Jeanette Terry was diagnosed with type 1 diabetes when she was 11 years old, and she has since lived with diabetes through difficult life transitions, including the teenage years, college, and having children. She addresses the day-to-day struggles of living with diabetes—going beyond medical advice—to improve overall adherence and management.  

One thing I know I am going to be thankful for this Thanksgiving season is my will power that I have built over the years. Unfortunately, my will power falters a bit when it comes to the delicious, carb-loaded Thanksgiving and other holiday dishes that I have grown up enjoying every year. I decided it's time to finally let go of the emotional hold that holiday food has on my psyche. Not to mention the hold it has on my taste buds. I can enjoy Thanksgiving, Christmas, and New Years without the carbs. After all, it should be about the people we spend the holiday with not the food, right?

I have heard all the tips and tricks for having a low-carb holiday, but the problem is implementing them. How do I actually make myself follow through when the social pressure hits and the delicious aromas start wafting in? Well, let’s make an action plan that can help all that struggle with the temptation of the carb-filled meals involved with the holidays.

The Action Plan

Get Support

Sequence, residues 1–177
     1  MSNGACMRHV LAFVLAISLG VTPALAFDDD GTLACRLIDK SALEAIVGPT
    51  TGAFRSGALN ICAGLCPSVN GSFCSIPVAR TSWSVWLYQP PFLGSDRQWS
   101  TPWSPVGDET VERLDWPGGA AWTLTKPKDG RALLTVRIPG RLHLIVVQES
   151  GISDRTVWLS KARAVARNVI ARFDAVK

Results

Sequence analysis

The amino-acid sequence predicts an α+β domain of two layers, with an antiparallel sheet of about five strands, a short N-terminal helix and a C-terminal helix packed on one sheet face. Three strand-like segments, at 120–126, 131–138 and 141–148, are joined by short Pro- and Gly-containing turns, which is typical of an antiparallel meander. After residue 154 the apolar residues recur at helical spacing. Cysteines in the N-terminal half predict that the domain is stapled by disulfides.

First I will need some support. Even though I have strong determination, it isn’t enough to take on Thanksgiving and the winter holidays. I am going to need back up. My family will need to know my plan so that they can help. Not only will I notify friends and family to help me keep the high-carb dishes to a minimum, but I will also need someone to hold me accountable. If they all know that I am not supposed to be eating that second piece of pie, and my husband reminds me of this, there is no way I will get away with it this year.

Find Decoys

Next I will need some decoys. If I am going to not focus on all of the food, I will need something to focus my attention on instead. The holidays are about spending time with people you love, so why not go out of my way to spend some one-on-one time with family and friends that I may not have kept up with well enough over the year? Since I have a big family, catching up with all of them will take all day and there may not be enough time left to stuff my face anyway. If this decoy doesn't work for you, find one that does.

Create New Traditions

Lastly, I will need to create some new traditions. My whole life has been filled with traditions that are centered on food and feasts during the holiday season. It is time to create some new traditions that don’t involve food so that in years to come I will have something to look forward to instead of dreading the anxiety, stress and guilt that holidays bring.

If I can stay focused on my action plan, I think that I will be able to hold up pretty well. If I have the right attitude I can enjoy myself while avoiding all of the carb-filled, diabetic-unfriendly food. The holidays are a wonderful time and everyone deserves to be happy. We are the ones that create the memories that last, and I plan to start making memories that are worth remembering this holiday season.

To learn more about controlling your blood sugar this holiday season:

Surviving the Holidays without Blowing Your Blood Sugar Control
Dealing with the Holidays with Diabetes
Holiday Eating Strategies